Loss of vision can occur just before coma

Cooling Responses (con’t)

One of the few good points of accidental hypothermia is that the cooled brain requires far less oxygen than it does at normal core temperatures

In cold-water drowning, this often means successful resuscitation after extended periods of time under the water

Cooling Responses (con’t)

Assume that all hypothermia victims are severely dehydrated, with significantly reduced blood volumes

Vital organs with inadequate blood supplies work less efficiently, compounding all the other problems that hypothermia causes

As core temperature drops, the kidneys extract still more fluid as a result of what is known as “cold diuresis”

Cooling Responses (con’t)

As fluid levels drop, the peripheral blood vessels constrict even more than before, which forces cooler blood toward the body core

This increases fluid pressure in the core, more antidiuretic hormone is released, resulting in still more urine production

Finally, cold and reduced O2 supply affect the kidneys, causing more water loss

Cooling Responses (con’t)

Blood volume is also reduced when core temperature drops because water leaves the blood and is held in body tissues

Blood viscosity (thickness) is increased by as much as 175% through fluid loss and the direct effect of cold on the blood

A core temperature drop also causes the spleen to contract, increasing the number of circulating red blood cells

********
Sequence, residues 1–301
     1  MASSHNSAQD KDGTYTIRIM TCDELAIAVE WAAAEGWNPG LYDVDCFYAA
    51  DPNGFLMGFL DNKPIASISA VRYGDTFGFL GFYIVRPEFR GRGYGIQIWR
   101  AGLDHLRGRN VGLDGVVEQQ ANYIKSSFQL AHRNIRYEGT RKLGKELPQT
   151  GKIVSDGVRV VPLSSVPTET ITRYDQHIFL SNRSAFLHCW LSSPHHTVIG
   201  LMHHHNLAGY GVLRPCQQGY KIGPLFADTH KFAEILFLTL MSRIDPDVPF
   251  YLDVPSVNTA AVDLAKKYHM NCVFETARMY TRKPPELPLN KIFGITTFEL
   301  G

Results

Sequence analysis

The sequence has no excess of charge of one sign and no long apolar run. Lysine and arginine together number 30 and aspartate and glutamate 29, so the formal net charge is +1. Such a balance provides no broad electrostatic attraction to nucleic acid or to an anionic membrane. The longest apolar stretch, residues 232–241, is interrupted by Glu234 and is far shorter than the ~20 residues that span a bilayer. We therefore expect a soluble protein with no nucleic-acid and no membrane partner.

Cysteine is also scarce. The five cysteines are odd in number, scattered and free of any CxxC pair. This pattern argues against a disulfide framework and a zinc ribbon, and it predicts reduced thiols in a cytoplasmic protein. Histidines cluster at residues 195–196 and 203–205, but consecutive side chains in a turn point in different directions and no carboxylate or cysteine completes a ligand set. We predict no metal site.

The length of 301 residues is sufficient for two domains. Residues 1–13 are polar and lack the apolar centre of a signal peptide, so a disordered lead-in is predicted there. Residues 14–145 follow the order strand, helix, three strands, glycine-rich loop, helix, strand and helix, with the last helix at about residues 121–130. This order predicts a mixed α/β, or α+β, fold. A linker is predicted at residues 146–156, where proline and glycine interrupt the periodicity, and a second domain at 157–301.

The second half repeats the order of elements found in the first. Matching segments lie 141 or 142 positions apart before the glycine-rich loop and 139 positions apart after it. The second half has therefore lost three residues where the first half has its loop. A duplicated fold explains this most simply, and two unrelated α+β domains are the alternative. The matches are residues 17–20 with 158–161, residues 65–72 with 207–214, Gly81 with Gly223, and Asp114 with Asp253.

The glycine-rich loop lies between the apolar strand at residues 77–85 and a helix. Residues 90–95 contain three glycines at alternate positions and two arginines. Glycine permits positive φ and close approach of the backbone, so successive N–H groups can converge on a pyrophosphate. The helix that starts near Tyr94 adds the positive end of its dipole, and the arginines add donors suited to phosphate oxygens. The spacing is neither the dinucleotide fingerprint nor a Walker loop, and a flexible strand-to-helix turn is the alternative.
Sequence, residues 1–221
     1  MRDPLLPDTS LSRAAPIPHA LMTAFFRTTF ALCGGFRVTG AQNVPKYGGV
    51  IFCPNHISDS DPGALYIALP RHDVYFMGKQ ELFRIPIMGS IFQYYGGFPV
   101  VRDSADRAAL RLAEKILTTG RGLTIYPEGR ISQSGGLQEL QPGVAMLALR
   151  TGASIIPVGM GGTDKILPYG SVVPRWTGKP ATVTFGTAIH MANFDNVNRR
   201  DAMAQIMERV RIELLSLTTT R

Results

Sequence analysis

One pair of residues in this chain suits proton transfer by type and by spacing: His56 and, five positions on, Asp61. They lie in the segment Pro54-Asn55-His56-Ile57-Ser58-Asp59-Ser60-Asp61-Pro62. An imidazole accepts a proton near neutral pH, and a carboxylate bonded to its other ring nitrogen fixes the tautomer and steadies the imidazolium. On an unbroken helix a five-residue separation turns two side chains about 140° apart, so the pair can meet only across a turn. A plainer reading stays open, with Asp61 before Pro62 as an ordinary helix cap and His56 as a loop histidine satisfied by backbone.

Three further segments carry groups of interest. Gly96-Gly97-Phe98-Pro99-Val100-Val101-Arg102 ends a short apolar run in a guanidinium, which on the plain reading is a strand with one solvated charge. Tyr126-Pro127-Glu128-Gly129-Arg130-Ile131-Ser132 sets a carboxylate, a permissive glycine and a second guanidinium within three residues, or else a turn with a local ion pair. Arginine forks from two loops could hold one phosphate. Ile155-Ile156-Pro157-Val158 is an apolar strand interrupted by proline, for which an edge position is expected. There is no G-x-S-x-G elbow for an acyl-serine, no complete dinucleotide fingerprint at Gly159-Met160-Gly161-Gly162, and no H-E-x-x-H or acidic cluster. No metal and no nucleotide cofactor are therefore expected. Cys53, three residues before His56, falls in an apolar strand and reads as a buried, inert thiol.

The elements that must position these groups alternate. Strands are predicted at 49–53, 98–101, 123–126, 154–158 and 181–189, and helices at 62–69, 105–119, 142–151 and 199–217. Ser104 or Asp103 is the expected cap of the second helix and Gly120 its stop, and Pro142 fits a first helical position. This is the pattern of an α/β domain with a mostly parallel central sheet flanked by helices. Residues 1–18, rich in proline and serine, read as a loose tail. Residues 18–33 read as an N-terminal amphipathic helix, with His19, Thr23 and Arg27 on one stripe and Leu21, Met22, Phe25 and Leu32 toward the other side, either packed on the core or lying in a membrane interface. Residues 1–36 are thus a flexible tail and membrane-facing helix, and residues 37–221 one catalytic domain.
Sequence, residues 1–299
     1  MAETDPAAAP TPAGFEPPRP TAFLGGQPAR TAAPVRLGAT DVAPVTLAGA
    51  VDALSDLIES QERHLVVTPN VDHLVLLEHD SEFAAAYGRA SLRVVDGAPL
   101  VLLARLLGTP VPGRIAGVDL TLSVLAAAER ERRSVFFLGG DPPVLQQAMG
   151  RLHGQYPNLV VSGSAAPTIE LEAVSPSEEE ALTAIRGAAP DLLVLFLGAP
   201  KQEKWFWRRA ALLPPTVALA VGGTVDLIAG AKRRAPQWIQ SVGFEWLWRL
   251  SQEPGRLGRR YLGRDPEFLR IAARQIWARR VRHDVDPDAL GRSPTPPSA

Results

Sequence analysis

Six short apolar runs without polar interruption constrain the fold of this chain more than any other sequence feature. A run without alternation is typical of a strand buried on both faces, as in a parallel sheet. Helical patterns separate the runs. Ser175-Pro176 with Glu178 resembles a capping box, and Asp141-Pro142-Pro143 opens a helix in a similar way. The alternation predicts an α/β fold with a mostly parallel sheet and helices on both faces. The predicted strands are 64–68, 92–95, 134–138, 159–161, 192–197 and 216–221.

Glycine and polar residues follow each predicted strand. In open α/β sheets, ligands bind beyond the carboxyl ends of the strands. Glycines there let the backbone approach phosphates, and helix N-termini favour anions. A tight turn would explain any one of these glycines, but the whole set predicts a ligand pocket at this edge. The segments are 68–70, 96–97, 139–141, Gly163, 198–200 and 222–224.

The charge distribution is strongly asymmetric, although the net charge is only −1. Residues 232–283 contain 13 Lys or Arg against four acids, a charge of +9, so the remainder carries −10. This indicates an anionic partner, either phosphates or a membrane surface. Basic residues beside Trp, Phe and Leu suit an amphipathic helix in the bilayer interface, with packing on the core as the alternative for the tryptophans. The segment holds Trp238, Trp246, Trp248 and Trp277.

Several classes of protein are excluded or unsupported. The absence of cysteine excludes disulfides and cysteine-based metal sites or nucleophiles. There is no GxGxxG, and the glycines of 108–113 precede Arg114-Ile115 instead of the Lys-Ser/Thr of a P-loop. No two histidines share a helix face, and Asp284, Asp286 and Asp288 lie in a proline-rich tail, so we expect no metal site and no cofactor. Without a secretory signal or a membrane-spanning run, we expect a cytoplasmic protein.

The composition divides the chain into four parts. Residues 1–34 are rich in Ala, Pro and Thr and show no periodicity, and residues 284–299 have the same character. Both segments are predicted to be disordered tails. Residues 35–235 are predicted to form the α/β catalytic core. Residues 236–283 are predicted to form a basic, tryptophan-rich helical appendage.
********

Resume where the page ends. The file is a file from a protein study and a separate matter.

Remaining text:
Cooling Responses (con’t)

People who have been exposed to several days of cold often have a reduction of as much as 25% in their blood volumes

This, coupled with the constriction of the peripheral blood vessels, decreases the amount of oxygen transported to tissues

Oxygen transfer at the cell level is also impaired because cold hemoglobin does not readily release its oxygen

Cooling Responses (con’t)

Diminished oxygen delivery is partially offset by two things:

Increased quantity of oxygen dissolved in the liquid part of the blood (19% more at a core temperature of 76°F (30°C))

Tissue acidosis increases the rate of oxygen release from the hemoglobin

Cooling Responses (con’t)

In profound hypothermia, the heart beats slowly and weakly (the muscle tissue becomes weak and stiff)

The amount of blood pumped with each beat is markedly decreased

Impulse conduction is impaired, and the heart rate falls to as slow as 20 or less per minute

Cooling Responses (con’t)

Electrical conduction becomes erratic, and the heartbeat can become irregular

As the core temperature continues to fall, a fatal irregularity, ventricular fibrillation, can stop all circulation, causing the victim’s death

Rough handling of a victim of severe hypothermia can trigger ventricular fibrillation

Cooling Responses (con’t)

Surprisingly, a hypothermia victim usually has a normal blood pressure, although it may be hard to obtain a reading as a result of diminished blood flow in the arm

Ventilation of the lungs is normal down to a core temperature of about 90°F (32°C)

Below that temperature, carbon dioxide (CO2) begins to build up in the blood, an indication of inadequate ventilation

Cooling Responses (con’t)

As core temperature continues to drop, the brain becomes more unresponsive to the increasing CO2 levels

Hypothermia can sometimes increase the secretion of mucus by membranes lining the major airway passages, while the cough reflex may be reduced, allowing a fluid build-up that can lead to problems